A Foot Update

Does it feel like everyone is talking about their horse’s feet a lot more this year, or is just because I am obsessing over it?

ANYWAY, we pulled May’s shoes during the first week of September. The dew from a typical hot KY summer was taking it toll, and May had managed to lose both front shoes. There is nothing like wet grass and rock hard ground to encourage shoes to come flying off of hooves. I was literally sending pictures like this to my farrier with calm messages such as, “THIS SHOE IS ABOUT TO COME OFF AND I HAVE A SHOW IN 3 DAYS.”

Mind you, these photos are from June. So things got WORSE.

Luckily, my farrier is not one for such dramatics, and he dutifully came out each time and fixed her up. He and I agreed that the issue was really microbes getting underneath the shoe and into the hoof wall. What was my breaking point? When he couldn’t clinch down nails on her black hoof because the hoof wall was just SMOOSHING away. (technicaly terms, but it made me a bit nauseous).

I tried a round of white lightning, which stopped the progression, but it couldn’t cure the issues going on UNDER the shoe or behind the nails. I put May on a hoof supplement, but the weather in KY continued to work against us.

At my last horse trial, my farrier was there. He came by to tighten her shoes and check on her, since he was going away for a week. I asked out glue on shoes, and he indicated why that probably wouldn’t work for us right now. He pulled out a shoe that would allow him to put the nails in different places because anywhere we had put a nail was just crumbling away.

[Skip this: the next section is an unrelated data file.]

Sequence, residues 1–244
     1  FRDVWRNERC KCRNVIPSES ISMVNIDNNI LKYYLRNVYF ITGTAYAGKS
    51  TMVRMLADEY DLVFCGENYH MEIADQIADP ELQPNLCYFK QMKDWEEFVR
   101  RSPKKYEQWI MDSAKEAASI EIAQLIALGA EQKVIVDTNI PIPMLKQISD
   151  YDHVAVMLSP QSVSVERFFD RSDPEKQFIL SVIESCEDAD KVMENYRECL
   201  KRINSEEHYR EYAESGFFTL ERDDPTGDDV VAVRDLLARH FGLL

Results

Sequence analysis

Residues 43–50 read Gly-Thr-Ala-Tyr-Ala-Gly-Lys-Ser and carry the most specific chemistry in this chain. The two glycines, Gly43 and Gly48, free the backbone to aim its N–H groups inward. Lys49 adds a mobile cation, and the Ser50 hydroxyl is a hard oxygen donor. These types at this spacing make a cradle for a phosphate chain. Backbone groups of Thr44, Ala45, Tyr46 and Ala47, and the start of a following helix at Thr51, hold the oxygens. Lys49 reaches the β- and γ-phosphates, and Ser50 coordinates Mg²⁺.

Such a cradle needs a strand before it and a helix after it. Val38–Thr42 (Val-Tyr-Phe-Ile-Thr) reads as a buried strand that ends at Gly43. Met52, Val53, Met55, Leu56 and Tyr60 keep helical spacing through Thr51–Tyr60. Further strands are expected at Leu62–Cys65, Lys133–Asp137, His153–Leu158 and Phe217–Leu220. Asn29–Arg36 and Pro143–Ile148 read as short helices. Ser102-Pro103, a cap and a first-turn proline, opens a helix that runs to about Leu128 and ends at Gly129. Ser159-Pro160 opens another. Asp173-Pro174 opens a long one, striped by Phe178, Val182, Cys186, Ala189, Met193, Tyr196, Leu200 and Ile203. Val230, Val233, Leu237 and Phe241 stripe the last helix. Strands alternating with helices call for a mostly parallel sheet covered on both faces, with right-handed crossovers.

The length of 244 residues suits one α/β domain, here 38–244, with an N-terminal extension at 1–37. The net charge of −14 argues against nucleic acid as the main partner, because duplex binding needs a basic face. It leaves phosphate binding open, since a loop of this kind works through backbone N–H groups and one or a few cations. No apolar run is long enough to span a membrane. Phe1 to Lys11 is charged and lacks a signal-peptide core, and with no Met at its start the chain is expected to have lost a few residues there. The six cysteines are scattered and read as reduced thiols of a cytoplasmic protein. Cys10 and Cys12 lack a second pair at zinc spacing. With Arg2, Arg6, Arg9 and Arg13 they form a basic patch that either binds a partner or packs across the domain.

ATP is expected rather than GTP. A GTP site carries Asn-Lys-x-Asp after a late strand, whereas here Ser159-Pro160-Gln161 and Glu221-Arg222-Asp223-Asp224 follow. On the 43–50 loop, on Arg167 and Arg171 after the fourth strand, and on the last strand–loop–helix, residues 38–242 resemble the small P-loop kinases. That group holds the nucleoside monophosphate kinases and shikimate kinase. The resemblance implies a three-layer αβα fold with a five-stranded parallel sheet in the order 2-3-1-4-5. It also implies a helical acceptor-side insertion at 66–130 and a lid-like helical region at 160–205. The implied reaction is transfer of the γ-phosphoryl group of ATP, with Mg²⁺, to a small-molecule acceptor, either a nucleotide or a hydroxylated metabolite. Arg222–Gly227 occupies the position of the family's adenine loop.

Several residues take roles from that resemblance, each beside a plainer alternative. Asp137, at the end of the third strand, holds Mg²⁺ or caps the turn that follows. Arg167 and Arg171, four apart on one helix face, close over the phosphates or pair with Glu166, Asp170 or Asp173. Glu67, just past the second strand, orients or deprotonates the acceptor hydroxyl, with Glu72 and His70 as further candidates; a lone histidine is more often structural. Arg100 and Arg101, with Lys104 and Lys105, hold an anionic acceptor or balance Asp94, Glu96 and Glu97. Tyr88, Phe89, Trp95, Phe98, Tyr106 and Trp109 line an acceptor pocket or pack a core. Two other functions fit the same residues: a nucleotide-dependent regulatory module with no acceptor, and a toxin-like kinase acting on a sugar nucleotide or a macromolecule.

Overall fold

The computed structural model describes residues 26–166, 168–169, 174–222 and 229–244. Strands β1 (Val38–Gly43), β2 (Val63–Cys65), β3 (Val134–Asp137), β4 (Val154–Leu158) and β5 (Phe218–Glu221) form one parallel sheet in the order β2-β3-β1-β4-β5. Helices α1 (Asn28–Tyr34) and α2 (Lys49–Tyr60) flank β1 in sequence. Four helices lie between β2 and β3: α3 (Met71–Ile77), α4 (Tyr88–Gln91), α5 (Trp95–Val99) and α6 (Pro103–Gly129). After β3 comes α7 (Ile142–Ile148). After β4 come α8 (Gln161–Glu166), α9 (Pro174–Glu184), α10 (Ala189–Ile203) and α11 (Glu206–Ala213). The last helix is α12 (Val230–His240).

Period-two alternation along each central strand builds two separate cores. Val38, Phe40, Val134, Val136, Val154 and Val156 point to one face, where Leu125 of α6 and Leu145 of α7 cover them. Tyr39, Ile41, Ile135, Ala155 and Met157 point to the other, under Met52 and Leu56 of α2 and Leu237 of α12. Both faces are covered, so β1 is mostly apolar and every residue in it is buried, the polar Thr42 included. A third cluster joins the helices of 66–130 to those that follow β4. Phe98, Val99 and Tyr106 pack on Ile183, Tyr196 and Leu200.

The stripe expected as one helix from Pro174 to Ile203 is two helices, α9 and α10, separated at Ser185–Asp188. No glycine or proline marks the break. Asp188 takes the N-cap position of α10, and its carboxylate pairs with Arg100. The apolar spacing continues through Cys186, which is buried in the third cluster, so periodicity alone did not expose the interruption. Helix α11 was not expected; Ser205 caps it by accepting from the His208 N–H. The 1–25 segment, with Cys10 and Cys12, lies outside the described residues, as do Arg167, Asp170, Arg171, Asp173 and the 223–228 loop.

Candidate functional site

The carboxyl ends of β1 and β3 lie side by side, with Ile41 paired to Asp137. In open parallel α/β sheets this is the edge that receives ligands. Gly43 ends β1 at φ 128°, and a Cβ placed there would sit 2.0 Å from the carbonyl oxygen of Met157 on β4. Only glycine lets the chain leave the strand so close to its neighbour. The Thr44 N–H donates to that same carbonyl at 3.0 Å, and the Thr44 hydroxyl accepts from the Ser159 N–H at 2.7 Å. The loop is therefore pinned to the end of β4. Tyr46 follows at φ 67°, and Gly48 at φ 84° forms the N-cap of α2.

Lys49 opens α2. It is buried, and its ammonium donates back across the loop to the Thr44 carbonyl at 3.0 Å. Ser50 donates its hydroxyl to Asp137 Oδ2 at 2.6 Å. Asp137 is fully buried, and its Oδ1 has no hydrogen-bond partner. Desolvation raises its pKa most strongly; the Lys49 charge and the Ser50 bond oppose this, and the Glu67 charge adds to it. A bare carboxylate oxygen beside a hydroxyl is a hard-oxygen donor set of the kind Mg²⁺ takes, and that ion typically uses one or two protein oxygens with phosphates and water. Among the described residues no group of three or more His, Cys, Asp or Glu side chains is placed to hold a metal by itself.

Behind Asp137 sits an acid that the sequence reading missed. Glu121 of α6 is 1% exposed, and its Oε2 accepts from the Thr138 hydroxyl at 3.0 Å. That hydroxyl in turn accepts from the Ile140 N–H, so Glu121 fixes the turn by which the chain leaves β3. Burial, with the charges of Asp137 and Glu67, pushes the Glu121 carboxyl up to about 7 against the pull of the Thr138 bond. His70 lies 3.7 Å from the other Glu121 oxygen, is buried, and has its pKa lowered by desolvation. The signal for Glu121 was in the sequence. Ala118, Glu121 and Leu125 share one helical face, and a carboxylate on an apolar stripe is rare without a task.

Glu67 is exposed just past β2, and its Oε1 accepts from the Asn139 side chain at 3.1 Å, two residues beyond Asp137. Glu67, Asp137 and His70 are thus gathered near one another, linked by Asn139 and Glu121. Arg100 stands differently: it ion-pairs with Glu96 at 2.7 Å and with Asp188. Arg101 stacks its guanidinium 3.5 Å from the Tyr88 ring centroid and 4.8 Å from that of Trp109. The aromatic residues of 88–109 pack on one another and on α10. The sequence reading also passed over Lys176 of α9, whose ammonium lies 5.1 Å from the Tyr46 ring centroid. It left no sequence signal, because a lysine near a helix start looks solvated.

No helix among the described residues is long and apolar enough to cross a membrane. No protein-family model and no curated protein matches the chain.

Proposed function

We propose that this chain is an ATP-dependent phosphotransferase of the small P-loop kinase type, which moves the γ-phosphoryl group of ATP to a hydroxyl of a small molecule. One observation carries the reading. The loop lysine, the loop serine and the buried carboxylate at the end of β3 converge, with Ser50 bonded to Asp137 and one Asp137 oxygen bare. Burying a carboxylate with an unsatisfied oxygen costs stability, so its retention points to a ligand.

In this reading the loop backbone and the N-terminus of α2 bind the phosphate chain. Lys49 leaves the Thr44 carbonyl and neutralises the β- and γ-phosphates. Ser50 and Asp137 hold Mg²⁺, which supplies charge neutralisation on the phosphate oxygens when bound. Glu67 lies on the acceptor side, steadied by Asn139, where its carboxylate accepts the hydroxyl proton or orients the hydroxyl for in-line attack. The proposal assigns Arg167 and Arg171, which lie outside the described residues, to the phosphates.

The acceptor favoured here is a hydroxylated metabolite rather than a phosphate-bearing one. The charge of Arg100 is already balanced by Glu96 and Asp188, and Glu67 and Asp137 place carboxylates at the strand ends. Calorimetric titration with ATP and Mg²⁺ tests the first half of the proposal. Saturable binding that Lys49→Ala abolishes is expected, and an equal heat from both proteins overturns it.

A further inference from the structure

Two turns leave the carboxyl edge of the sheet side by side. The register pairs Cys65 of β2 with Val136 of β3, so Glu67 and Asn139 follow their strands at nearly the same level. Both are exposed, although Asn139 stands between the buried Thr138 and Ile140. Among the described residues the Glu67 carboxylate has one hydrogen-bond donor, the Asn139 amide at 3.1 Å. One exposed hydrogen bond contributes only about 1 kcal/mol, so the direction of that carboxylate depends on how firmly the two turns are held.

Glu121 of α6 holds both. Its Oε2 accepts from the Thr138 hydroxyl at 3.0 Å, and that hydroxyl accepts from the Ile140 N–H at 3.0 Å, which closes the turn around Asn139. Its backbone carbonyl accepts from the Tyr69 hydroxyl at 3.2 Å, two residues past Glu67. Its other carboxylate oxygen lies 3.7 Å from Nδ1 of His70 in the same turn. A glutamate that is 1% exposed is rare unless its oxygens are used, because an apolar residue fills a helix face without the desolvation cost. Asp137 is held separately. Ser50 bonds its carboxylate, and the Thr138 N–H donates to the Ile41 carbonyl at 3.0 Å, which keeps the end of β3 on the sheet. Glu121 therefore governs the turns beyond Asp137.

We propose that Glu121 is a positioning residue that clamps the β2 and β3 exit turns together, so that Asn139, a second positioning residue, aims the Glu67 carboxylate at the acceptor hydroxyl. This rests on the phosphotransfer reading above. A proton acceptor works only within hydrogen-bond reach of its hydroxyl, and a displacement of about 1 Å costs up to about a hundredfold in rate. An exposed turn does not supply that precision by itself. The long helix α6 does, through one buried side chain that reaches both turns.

“Well,” I started, “what about taking her barefoot again?”

His first question, “when’s your next show?” I shrugged my shoulders.

“If we don’t compete again this year, it’s not the end of of the world. I haven’t signed up for anything.” He nodded and agreed that pulling the shoes would probably be best. We would wait out the rest of this cycle as much as we could to let her grow as much hoof as she could, and then we would pull them.

And pull them we did. Then, hurricane Florence passed through KY, and we had one of the rainiest September on record. I think the pictures speak for themselves:

Immediately after pulling and trying to leave as much hoof as possible.

 

Better photos about one week after pulling shoes. (Her back feet are barefoot and BEAUTIFUL)

Right after 5 week trim. Leaving these photos big for everyone.

Black Foot. 
White Foot
I don’t know why the black foot looks so short and stubby here. It’s really not. 

Are they perfect? No. They are still in the process of changing shape and growing out the nail holes. Are they a lot healthier? Definitely. The hoof is dry, hard, and a lot stronger than it had been. I think once those nail holes fully grow out, we’ll be in good shape going into winter.

As for her comfort level – May was really comfortable in her hoof boots the day after being trimmed this week, and I was riding her completely barefoot towards the end of her last cycle. Fingers crossed that when I get back from my trip this weekend, she will be comfortable without boots again.

On a different note, woke up this morning to 50 degrees of fall greatness. ❤

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